There was once a poor man in Bavel who had a claim against one of the rich members of the community. He claimed that the rich man had done him an injustice. As was his perfect right, the poor man went to the rabbinical court of Rav and stated his plea.

Rav did not hesitate; he immediately sent a messenger to summon the wealthy man.

The messenger delivered his message. The man read the summons, laughed derisively and said, “What?! Does Rav really expect me to appear in court against that beggar, that nobody? I, who am one of the wealthiest, most esteemed members of this community?! It is out of the question. It is far below my dignity. I absolutely refuse to go.“

The messenger returned to Rav and reported the rich man‘s refusal. Rav showed his surprise by saying, “How can that man boast of something which is not even his? If Heaven willed it, he could become a pauper in an instant!“

As soon as the words left Rav‘s mouth, a terrible thing occurred. At that very moment, the rich man had been seething angrily at the summons. Now, a second messenger arrived, sent by the king. He read his message aloud, “His Royal Majesty has decreed that all of your property is to be confiscated for the royal treasury and that you are to become a slave for the rest of your days.“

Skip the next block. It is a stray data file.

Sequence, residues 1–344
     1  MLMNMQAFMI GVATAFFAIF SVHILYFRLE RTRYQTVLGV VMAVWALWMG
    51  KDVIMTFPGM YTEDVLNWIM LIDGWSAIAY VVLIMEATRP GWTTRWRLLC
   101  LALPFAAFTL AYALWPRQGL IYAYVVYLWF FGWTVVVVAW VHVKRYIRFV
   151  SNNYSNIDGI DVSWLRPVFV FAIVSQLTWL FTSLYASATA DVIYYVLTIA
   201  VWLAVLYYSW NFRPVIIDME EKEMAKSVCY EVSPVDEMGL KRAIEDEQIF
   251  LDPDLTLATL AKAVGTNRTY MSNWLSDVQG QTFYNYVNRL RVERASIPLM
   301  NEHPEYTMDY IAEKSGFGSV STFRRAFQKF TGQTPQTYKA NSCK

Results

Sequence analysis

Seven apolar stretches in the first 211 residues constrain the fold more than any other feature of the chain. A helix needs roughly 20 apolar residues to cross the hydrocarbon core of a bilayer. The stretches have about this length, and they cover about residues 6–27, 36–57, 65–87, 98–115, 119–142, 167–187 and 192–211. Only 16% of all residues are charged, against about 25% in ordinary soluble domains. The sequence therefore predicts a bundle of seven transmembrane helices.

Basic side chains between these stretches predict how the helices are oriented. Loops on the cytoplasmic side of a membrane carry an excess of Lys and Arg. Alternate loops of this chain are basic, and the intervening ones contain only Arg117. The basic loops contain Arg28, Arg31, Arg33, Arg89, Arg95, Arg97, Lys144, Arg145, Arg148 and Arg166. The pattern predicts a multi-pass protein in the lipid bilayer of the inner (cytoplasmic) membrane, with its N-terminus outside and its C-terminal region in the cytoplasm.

The man turned white. His knees buckled under him. He realized that he was being punished for having defied Rav, for having refused to come to court and for having belittled a man who had a claim against him. But, what a sudden punishment!

He ran to Rav and threw himself down before that great man and pleaded for mercy. “You must forgive me for what I just said! I sinned through my pride. I was blinded by it. And now I don‘t have anything left to my name, not even my liberty. I will be a slave for the rest of my life. Compared to the poor man who summoned me to court, I am a nothing and he—he is like a king! How lowly I have fallen; all because of my foolish pride! If only he would agree to come…“

Rav listened to the man‘s brokenhearted words and saw that he was sincere in his regret. He had truly repented. And so, when the man still at his feet and begged that Rav pray for him, he agreed to do so. The man returned home to await his terrible fate. When he arrived, he found the king‘s messenger awaiting him. He unfurled a scroll bearing the royal decree and read aloud, “The King, in his great mercy, has recalled his edict. He, hereby, frees you from slavery and grants you all of your property as a gift.

In one short hour the rich man had been plunged from great heights to the lowest of depths, from wealth to slavery. He had learned that nothing had any permanent value, for one‘s gold and silver could disappear in a flash, if Hashem so willed it!

(Yerushalmi, Nedarim, Perek 9, Halachah 4)